What Are Noun Phrases?
Noun phrases are groups of words that function as a noun in a sentence. They typically consist of a noun, which is the headword of the phrase, and any modifiers or determiners that provide additional information about the noun.
Structure of a Noun Phrase
Noun phrases include a head noun , which is the main noun that the phrase refers to, and any modifiers that provide additional information about the noun.
Modifiers in a noun phrase can come before or after the head noun.
As mentioned above, pre-modifiers come before the head noun and modify it. The following list represents different kinds of pre-modifiers:
Now, we will discuss each of them in more detail.
Possessive nouns are used to indicate possession or ownership of something or someone, or to show the relationship between people. Possessive nouns are typically used as pre-modifiers before the head noun in a noun phrase. For example:
Haven't you seen Sarah's
Here, the 'book shop' is the compound head noun and 'Sarah's' is the possessive noun modifying it.
Some nouns can function as modifiers within a noun phrase, providing additional information about the head noun. These nouns modify the head noun in a similar way to adjectives or other modifiers. Look at the examples below:
Dad has cooked us a
Here, 'tomato' is a noun modifying 'soup'.
Have you ever tried
Attributive Predicative Adjectives
Adjectives can be used to modify the head noun in a noun phrase by providing additional information about its qualities, characteristics, or attributes. For example:
Hannah and I wanted to watch a
Determiners are a type of word that can be used as pre-modifiers in a noun phrase to provide information about the head noun. Determiners indicate the specificity, quantity, or possession of the head noun Look at the examples below:
As you can see, 'those' is a determiner that indicates specificity and 'cats' is the head noun.
You left your book at
Here, 'my' is a determiner that shows possession and 'place' is the head noun.
As mentioned above, some modifiers come after the head noun and describe it. Below is a list of the most common post-modifiers in English:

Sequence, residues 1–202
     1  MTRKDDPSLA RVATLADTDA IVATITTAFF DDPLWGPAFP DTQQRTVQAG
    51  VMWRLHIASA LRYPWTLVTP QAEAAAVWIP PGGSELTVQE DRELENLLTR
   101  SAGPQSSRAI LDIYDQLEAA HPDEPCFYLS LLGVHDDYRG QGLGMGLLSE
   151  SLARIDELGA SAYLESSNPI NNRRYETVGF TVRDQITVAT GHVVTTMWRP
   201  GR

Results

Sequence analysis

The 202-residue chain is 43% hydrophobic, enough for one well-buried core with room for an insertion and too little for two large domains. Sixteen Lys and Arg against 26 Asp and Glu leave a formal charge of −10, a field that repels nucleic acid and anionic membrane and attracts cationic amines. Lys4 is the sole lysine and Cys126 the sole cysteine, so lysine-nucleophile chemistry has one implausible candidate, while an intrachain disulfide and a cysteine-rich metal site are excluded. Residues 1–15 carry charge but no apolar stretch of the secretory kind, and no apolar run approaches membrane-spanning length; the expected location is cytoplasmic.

Now, let us examine each closely:
As you may know, non-finite clauses are subordinate clauses that do not have a specific tense or subject. They are typically formed using infinitives or participles.
Non-finite clauses can serve a variety of functions within a sentence, such as acting as the subject or object of a verb, or providing additional information about the main clause. Look at the examples below to see how 'non-finite' clauses can be used to modify the head noun:
Here, an infinitive has been used as a post-modifiers to describe the head noun which is 'place'.
Look at that fluffy dog
Here, a present participle is modifying the head noun 'dog'.
Prepositional phrases can be used to modify the head noun in a noun phrase by providing information about its location, time, or other related details. Prepositional phrases are formed using a preposition followed by a noun or pronoun, which is known as the object of the preposition. Take a look at the following examples:
Somebody quiet down that dog
No one has ever been in that room
A relative clause is a type of clause that provides additional information about a noun or pronoun in a sentence. Relative clauses are introduced by a relative pronoun or a relative adverb. Relative clauses can function as either restrictive or non-restrictive clauses. Look at the following examples:
A restrictive relative clause
A non-restrictive relative clause.
Noun phrases can serve different functions. Look at the list below:
Now, let us see examples of how a noun phrase can fulfill these functions:
I don't need
My girlfriend cooked me
It might come in handy to know that a noun phrase can sometimes have only one noun with no modifiers. Look:
Here, 'Archie' is a noun phrase and is the object of the sentence.
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